Most people treat facial rosacea as if it is just a skin problem. If you experience this condition, you’ll know that it can affect you on a much deeper level, and leave emotional scars as well. But did you know that rosacea can be an early warning of other, more serious conditions?
Read on for four reasons to start taking your rosacea seriously.
1. Facial Rosacea Can Leave a Lasting Emotional Scar
Walking around with a chronically red face isn’t fun. In fact, for people who suffer from serious facial rosacea, it can have some serious consequences. Feeling unattractive, embarrassed and not confident in social situations are some of the psychological consequences. Some may even experience depression.
If you feel like this, you’re not alone. According to a survey carried out by the National Rosacea Society, (https://www.rosacea.org/rr/2007/spring/article_3.php), people who suffer from rosacea often experience negative emotional well-being that is in proportion to the physical effects. 76 per cent of the survey’s respondents reported that ‘rosacea’s effect on their personal appearance had lowered their self-confidence and self-esteem, and nearly half said it diminished their outlook on life.’ This goes up to 94 per cent for those who described their condition as severe.
2. Facial Rosacea is More than Just a Skin Problem
Aside from the emotional scars associated with rosacea, there is increasing evidence that those who suffer from rosacea are under increased risk of serious illness. Dr Richard Odom, Professor of Clinical Dermatology at the University of California warns that those suffering from rosacea could be more at risk of cardiovascular disease, gastrointestinal disease, certain types of cancer and other systemic illnesses shown in research to be associated with rosacea. (http://www.rosacea.org/press/rosacea-awareness-month-focus-news-increased-health-risks)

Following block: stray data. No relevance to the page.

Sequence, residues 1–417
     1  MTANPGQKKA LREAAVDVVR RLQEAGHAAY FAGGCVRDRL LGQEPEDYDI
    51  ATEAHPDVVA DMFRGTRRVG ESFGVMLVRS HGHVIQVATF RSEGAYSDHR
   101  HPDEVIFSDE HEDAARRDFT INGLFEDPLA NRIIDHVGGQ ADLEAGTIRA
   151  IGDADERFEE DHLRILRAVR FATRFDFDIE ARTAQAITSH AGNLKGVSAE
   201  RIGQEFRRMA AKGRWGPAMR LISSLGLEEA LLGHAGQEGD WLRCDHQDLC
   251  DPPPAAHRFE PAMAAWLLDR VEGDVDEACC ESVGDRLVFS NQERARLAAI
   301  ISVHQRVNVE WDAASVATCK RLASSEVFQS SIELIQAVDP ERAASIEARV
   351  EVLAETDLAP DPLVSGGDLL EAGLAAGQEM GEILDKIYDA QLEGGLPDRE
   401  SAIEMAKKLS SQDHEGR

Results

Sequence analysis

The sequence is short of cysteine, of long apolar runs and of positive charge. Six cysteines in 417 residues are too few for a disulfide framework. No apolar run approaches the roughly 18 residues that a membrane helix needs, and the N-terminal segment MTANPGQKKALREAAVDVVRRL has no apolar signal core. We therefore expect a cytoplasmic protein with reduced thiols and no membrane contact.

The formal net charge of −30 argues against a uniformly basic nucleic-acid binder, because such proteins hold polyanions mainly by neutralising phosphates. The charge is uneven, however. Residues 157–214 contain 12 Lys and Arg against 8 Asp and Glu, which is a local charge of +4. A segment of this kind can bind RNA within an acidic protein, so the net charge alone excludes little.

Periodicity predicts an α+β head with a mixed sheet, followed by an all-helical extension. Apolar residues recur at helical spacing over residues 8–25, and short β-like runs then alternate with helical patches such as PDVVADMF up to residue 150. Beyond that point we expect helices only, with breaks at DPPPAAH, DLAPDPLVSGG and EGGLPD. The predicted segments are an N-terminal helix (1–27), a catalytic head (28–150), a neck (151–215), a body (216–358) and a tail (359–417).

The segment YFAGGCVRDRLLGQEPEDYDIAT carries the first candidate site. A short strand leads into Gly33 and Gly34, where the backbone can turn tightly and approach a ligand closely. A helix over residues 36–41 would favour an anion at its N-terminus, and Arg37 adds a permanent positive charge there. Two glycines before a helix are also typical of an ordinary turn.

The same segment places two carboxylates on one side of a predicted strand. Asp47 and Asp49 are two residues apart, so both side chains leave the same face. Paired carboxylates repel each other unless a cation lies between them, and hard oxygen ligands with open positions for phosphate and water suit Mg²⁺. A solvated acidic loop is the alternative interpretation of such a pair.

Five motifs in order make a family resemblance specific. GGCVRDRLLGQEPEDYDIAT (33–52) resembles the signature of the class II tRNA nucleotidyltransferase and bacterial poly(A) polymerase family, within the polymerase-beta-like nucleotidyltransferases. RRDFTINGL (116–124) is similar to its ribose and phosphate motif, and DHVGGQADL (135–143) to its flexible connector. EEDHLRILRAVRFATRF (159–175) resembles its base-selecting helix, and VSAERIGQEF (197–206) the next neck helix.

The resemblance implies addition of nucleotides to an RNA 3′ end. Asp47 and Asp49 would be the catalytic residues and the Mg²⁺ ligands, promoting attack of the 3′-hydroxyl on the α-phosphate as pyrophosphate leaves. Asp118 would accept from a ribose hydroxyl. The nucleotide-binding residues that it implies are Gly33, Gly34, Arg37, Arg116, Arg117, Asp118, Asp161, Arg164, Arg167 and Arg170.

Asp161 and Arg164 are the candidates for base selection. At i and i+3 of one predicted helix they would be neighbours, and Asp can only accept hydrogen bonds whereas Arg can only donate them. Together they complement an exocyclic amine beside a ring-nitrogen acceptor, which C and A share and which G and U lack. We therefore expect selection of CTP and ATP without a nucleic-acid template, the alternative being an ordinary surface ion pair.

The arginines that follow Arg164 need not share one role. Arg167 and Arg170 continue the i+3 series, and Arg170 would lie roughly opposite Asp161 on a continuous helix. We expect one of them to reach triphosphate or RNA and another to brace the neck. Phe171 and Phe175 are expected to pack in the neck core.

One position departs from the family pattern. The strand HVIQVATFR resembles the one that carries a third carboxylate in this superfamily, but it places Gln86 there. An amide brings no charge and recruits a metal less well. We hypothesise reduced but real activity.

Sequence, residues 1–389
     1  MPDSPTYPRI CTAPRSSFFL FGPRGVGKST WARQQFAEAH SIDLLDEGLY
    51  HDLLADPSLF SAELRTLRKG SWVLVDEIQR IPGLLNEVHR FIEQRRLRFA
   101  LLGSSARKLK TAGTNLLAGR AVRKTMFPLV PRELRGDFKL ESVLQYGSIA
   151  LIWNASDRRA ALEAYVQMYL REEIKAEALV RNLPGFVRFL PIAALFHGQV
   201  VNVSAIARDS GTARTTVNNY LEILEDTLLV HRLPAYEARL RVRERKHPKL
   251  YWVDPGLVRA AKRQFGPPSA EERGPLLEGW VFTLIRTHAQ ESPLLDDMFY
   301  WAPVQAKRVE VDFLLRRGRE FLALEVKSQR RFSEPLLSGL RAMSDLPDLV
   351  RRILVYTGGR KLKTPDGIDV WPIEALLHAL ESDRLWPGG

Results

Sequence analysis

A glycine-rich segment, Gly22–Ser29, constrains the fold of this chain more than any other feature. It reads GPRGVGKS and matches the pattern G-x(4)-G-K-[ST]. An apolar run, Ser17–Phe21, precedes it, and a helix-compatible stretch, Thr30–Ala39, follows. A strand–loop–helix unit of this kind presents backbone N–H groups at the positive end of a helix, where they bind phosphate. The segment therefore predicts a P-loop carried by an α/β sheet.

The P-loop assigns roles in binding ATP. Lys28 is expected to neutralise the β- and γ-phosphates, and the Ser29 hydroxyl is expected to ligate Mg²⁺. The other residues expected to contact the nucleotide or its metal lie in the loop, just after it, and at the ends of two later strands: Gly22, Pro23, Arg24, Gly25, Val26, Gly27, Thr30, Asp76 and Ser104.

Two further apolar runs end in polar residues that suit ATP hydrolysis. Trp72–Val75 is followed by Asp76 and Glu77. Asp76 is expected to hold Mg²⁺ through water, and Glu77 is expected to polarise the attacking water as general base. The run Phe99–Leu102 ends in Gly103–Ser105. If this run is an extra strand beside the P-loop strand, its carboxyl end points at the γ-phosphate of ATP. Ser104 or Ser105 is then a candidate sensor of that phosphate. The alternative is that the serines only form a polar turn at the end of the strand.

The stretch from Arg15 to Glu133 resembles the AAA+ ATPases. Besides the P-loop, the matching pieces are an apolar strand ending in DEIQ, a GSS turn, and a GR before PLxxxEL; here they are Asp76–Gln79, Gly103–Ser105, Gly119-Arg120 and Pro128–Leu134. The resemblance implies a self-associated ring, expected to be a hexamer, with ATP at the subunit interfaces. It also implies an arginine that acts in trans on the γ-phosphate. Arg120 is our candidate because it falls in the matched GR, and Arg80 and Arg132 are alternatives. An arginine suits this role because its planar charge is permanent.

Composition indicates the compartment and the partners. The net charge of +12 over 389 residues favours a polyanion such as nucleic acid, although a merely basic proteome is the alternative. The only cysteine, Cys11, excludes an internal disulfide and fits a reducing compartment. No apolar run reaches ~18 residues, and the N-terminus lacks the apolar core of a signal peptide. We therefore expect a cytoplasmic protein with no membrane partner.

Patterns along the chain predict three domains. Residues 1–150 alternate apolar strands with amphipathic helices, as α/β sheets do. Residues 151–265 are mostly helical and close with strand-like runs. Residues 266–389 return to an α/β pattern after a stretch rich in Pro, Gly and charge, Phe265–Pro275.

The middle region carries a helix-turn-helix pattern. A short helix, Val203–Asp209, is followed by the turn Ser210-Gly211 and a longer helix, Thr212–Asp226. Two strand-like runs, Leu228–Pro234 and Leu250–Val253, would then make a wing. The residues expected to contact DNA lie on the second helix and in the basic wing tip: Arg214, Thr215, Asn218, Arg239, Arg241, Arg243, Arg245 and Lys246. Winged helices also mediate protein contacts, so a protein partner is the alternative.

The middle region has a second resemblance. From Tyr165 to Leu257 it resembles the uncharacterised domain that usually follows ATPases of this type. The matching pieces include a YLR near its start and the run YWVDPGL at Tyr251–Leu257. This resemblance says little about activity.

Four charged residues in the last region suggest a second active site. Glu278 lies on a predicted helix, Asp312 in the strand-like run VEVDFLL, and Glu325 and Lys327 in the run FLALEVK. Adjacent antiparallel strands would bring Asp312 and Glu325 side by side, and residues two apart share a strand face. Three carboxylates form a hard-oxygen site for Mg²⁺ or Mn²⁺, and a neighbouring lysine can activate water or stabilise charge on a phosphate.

3. Rosacea Can Cause Eye Problems
Do your eyes often appear red, bloodshot or watery? Or do you sometimes feel your eyes are burning, stinging, itchy, or that there is something in them? Ocular Rosacea (rosacea around the eyes) affects nearly 58% of people who suffer from facial rosacea, and while it might start out as a mild irritation, it can actually have a damaging effect on your sight. If it becomes severe enough to damage the cornea, you may actually lose your sight. Inflammation of the eyelids, sensitivity to light, and styes are also common.
4. We Still Don’t Know What Causes It
Doctors are still not sure what causes rosacea. However, dermatologists from around the world are investigating the theory that there is a direct link between rosacea and skin mites. Dr. Frank C. Powell, consulting dermatologist at Mater Misericordiae Hospital in Dublin, Ireland, has noticed a link between areas of the face where rosacea is most common (cheeks, nose, forehead, and chin), and the presence of mites on the skin.
More about Rosacea
Rosacea is a chronic and often complex disorder of the facial skin that affects millions and is often characterized by flare-ups and remissions. Many have observed that it typically begins any time after age 30 as a redness on the cheeks, nose, chin or forehead that may come and go. In some cases, rosacea may also occur on the neck, chest, scalp or ears. Over time, the redness tends to become ruddier and more persistent, and visible blood vessels may appear.
No one has convincing evidence of the cause for Rosacea. There is much research being done in this area. At this stage there is no cause, however, many theories exist from nervous system and blood vessel changes with UV exposure to the presence of microbes and Demodex mites on the skin. Anecdotal evidence also suggests that a susceptibility to developing the disorder may be inherited, and genetic studies are now under way.
collective.care is a specialist medical centre with Bulk Billing SKIN CLINICS available at Bella Vista, Sydney. We support a team approach to chronic skin conditions. We are Doctors, GP’s, laser physicians, plastic surgeons, facial plastic surgeons, aestheticians, ophthalmologists and cosmetic registered nurses.
The information in these articles by collective.care should not replace medical advice, nor is it intended to replace consultation with a qualified physician. We aim not to evaluate, endorse or recommend any particular product or equipment in these articles, however, as doctors of the collective.care practice we obviously use products which we have chosen to use for the best interest of patients.
Rosacea, as a spectrum of disease may vary a lot from patient to patient and therefore we believe treatment plans need to be tailored to each individual patient.